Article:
Coronavirus: Fate of Lafayette’s big housing plan postponed -The fate of a controversial, 315-unit housing plan known as the Terraces of Lafayette has been postponed because of the coronavirus pandemic. (East Bay Times)
California surges past 4,000 cases of COVID-19, 1,400 in Bay Area - For the second consecutive day, the state crossed a thousand-case marker, a 34% increase in COVID-19 cases. (East Bay Times)
Bay Area coronavirus cases climb as testing grows: 26% test positive at Hayward site -Hayward is offering free testing, but there’s a limited number that has led to long lines and some people turned away. (SF Chronicle)
Bay Area coronavirus tests: Where can I get one? -John Muir Health is doing testing at four urgent care centers in the Bay Area: Berkeley, Brentwood, Pleasanton and Walnut Creek. Patients must have an order from a John Muir Health-affiliated doctor. (SF Chronicle)
List: Bay Area Schools Close Over Coronavirus Concerns -Schools in the Bay Area have announced campus closures, class cancellations and limited activities due to coronavirus concerns. (NBC Bay Area)
BART ridership dips 92% due to coronavirus, agency considers more service cuts –With BART ridership plunging 92% as Bay Area residents hunker down at home, the agency is considering more drastic service cuts. (SF Chroncile)
More Bay Area parks, beaches closing before weekend – After thousands of Bay Area residents mobbed some of the region’s parks and beaches last weekend, the state is pushing back to discourage people from venturing too far from their homes during shelter in place. (SF Chronicle)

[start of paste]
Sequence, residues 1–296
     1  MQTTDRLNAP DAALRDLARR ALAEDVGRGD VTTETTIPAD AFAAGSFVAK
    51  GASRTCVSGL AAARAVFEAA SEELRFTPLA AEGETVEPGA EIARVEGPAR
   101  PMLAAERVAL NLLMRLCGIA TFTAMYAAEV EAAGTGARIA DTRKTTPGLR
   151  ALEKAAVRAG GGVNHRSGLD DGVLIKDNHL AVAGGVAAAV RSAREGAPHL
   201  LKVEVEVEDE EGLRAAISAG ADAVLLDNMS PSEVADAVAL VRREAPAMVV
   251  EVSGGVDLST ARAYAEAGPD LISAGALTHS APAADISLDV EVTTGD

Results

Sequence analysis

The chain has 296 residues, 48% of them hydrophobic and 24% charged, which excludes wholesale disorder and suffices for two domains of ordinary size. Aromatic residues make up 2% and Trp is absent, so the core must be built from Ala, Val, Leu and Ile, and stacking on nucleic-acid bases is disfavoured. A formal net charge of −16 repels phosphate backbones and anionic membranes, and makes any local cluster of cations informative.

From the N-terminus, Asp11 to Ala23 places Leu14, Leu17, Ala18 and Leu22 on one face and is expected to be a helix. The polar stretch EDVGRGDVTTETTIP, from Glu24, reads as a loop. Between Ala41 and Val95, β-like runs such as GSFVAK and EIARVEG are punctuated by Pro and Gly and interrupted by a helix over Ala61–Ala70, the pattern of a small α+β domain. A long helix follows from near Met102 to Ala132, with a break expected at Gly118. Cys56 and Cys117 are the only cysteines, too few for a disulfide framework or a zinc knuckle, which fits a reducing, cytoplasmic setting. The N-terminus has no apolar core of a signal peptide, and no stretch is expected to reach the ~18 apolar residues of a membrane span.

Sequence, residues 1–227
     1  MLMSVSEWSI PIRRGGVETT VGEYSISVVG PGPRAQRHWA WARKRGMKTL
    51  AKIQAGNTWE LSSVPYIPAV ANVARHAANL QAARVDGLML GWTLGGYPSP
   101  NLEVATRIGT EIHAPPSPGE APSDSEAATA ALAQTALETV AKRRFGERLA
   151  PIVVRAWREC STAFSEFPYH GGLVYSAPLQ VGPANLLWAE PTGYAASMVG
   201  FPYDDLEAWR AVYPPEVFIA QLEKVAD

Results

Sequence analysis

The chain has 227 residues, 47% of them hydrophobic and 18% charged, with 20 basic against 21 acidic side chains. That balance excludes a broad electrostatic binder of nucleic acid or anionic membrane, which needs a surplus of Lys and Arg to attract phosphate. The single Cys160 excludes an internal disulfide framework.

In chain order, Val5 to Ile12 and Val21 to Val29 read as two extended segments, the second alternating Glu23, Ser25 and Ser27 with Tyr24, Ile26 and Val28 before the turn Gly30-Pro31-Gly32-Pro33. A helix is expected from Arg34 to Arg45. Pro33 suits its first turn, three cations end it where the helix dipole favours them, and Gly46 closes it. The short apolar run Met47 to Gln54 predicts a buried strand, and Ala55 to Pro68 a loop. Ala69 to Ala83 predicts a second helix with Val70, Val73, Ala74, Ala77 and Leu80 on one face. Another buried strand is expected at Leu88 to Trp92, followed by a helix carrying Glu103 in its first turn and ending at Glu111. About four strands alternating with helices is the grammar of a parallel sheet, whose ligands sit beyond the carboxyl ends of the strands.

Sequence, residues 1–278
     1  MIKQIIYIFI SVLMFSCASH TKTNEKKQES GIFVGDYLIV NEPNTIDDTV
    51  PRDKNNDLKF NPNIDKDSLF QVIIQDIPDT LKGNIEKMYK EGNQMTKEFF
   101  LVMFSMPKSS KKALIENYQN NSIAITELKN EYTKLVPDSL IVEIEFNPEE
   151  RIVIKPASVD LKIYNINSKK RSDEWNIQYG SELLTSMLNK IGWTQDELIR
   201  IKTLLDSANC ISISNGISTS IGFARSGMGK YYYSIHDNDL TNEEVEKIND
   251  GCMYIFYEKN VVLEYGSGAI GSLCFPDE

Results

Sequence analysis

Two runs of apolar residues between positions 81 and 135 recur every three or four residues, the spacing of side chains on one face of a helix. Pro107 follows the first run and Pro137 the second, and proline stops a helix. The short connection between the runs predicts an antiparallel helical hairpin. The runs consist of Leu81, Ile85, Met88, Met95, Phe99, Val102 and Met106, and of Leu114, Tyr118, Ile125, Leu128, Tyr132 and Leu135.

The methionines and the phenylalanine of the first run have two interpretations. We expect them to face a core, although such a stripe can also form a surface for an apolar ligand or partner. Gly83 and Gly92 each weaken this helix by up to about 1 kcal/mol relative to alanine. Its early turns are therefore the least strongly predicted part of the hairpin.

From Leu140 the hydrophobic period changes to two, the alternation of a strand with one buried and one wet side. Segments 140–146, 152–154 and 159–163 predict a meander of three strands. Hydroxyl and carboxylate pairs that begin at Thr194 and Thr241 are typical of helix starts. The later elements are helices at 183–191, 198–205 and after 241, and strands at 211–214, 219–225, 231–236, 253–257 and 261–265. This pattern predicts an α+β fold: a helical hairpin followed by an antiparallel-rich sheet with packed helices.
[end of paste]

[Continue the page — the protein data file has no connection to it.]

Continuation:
DMV closing all field offices to public, official memo reveals- Faced with concerns among workers about the spread of COVID-19, the California Department of Motor Vehicles announced in a memo to employees Thursday that it is closing all of its more than 170 field offices to the public starting Friday. (LA Times)
Here are the 36 California state parks that have closed their parking lots -California Governor Gavin Newsom said Monday he would close parking lots. (SFGate)
Contra Costa Health Department Covid-19 Website. Covid-19 Call Center: (844) 729-8410.
Lafayette Planning & Building Department’s Virtual Planning Counter (1:00-3:00 p.m., Monday-Friday)
THAT OTHER LAFAYETTE
Lafayette Parish salons, tattoo parlors close doors after new restrictions enforced -Nail salons and tattoo parlors across Lafayette Parish are closing their doors after new restrictions effective Friday at midnight.
Chefs are giving cooking lessons on Instagram Live. With their establishments closed, restaurateurs are connecting with their customers online.
The Almost Daily Briefing (ADB) is an aggregation of links to news articles from local and regional newspapers, magazines, websites, and other news sources. Its purpose is to alert readers to current issues and affairs that may impact Lafayette. The ADB does not promote, favor, disfavor, support, reject, or endorse any position, candidate, campaign, or proposition, and nothing about the ADB, including the selection, presentation, arrangement, or content of the links presented should be construed as an advocacy position. Please note: At times, the ADB features articles from sites that limit access for nonsubscribers. If you have questions about the ADB, please contact the City of Lafayette's Communications Analyst, Jeff Heyman, at firstname.lastname@example.org. You can subscribe to the ADB and learn more about Lafayette’s publications and social media sites here.